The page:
If LICD could be said to have an opposite, it might be Girls With Slingshots (GWS). While it paradoxically bears the “Hosted by LICD.com” insignia, GWS by Danielle Corsetto is everything LICD isn’t. Passing the Bechdel Test in only the second strip, GWS has a wide variety of female characters, every one of which is well-developed enough to hold down portions of the strip on her own. The characters are somewhat larger-than-life overall, but this is to be expected in a comic which features a talking cactus as one of its primary characters. While DAR! and Octopus Pie both attempt to be fairly realistic in the treatment of their characters, the world of GWS tends to be wackier, featuring storylines that include everything from ghosts to a man infected with “Loonius Toonitus,” a disease which causes anvils to fall in his vicinity (Corsetto 656). In its focus on nutty adventures GWS has a vague resemblance to LICD, but it is technically superior in many ways, focusing primarily on the relationships between its characters and maintaining realistic development throughout its goofy plotlines. Just as Octopus Pie is not actively trying to be a “feminist comic,” GWS is not blatantly making any specific point either, but its strong female characters exemplify a feminist message nonetheless. Unlike the newspaper comics discussed earlier, in GWS women make the jokes and are the joke—and men are the joke too. GWS is a little theater of human behavior in which Corsetto excercises her strong grasp of absurdity to create humor from everyday life. GWS can in some ways be seen as the fulfillment of feminism in comics, a story centered around women, but which treats the male and female characters as equally human and equally funny. This not to say, however, that GWS never discusses feminist issues. In one strip a (female) feminist character advocates abuse of men and another character calls her on it, saying, “You’re confusing feminism with reverse sexism here. … [Y]ou’re just mimicking the characteristics that you find so repulsive in a small handful of men” (Corsetto 295). Corsetto is indeed working at the very heart of feminism, demonstrating that in the end it really is all about equality.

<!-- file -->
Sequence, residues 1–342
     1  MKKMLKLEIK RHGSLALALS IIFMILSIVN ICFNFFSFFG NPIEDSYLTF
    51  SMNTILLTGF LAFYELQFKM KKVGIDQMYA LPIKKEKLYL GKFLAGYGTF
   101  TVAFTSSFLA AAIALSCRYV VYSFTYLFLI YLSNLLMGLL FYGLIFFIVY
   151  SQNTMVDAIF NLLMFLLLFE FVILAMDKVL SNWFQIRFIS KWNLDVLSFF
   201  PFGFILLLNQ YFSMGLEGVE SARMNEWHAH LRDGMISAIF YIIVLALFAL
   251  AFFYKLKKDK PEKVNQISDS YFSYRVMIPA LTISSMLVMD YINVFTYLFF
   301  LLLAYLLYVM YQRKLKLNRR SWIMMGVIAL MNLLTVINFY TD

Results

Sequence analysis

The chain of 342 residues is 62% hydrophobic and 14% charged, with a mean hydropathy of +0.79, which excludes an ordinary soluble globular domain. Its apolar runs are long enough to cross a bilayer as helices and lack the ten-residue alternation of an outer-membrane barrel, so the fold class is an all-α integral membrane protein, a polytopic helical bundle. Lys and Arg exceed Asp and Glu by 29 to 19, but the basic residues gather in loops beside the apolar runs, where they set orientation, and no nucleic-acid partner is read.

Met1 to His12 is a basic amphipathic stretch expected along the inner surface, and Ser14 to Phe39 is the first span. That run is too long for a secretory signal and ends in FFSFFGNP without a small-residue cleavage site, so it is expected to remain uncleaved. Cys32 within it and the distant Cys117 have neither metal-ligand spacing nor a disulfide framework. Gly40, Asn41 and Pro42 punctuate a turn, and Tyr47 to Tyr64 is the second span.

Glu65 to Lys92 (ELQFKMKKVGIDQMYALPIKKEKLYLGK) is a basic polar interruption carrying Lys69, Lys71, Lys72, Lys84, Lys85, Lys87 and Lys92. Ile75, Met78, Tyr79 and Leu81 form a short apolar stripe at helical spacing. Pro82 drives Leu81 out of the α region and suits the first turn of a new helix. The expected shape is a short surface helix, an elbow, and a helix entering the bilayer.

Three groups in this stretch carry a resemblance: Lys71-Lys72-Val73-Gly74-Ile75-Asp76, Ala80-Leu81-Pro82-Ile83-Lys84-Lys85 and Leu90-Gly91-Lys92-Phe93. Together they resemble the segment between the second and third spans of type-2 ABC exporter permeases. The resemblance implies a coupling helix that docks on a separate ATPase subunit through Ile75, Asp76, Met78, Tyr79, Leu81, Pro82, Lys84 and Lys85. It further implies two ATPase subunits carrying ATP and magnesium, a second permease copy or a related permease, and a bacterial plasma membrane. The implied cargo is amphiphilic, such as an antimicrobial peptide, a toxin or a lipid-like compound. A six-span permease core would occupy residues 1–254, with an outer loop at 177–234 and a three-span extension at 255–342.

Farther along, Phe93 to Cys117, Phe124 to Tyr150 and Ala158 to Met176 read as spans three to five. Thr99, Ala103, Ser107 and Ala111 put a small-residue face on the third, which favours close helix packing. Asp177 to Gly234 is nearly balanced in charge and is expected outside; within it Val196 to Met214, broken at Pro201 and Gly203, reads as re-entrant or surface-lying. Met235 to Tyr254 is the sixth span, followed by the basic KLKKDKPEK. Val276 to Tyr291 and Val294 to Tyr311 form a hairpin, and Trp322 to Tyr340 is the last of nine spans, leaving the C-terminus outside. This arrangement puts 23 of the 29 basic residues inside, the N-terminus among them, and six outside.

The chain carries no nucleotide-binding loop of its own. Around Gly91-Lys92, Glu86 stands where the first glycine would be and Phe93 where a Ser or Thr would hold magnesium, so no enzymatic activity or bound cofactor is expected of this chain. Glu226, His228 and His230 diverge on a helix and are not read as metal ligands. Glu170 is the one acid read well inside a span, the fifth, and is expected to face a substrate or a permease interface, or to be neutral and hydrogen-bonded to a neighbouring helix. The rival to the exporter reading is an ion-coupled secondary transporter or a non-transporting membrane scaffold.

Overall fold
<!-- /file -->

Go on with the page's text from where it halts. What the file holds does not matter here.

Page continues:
The blossoming of female characters in webcomics is not even limited to female creators. Male creators are also beginning to come on board with webcomics which feature strong female protagonists outside of the Wonder Woman superheroine archetype. The prime example of this is Tom Siddel’s acclaimed fantasy webcomic, Gunnerkrigg Court, which has a cast of predominantly female characters (most of them in their early teens). The action takes place at a boarding school, a setting which has often been sexualized, but Siddel’s treatment of the subject is completely different, using the setting simply as a backdrop for the cast’s surreal adventures. Gunnerkrigg Court’s characters are not treated as the stereotypical “girl” characters seen in many comics by men, but are all developed in their own rights. Their femaleness is not dwelt upon at length, it is simply there, as irrelevant to their personalities as their hair color. Siddel’s characters could be said follow in the footsteps of Nancy Drew: young women embroiled in a mystery which they must use their wits to solve. Was Siddel inspired by the work of female webcartoonists? It’s hard to say, but Gunnerkrigg Court is simply another part of the puzzle; another way in which webcomics show their openness to strong female characters which break the mold.
On October 26, 2010, the popular webcartoonist Kate Beaton posted the following via Twitter: “[W]hen you tell a female creator you like her work so much you want to marry her and have her babies, you’re not doing anyone any favors. … No one makes comics looking for sexual attention. …
[B]y doing so you invite others to critique that person’s works based on their looks, which is uncomfortable, sexist and unfair” (Beaton qtd. in Bennett 2010). Reaction was swift, people lining up in camps to defend or refute Beaton (Bennett 2010). The world of webcomics has come a long way in its inclusion of women. Its openness to women creators and characters is unparalleled in the history of the comics medium, and the community’s enthusiastic support of feminist works has made it fertile ground to develop previously neglected themes. Unfortunately, however, there are still plenty of webcomics like LICD out there, and the violent reaction to Kate Beaton’s honest plea for compliments sans sexism shows that the field still has aways to go.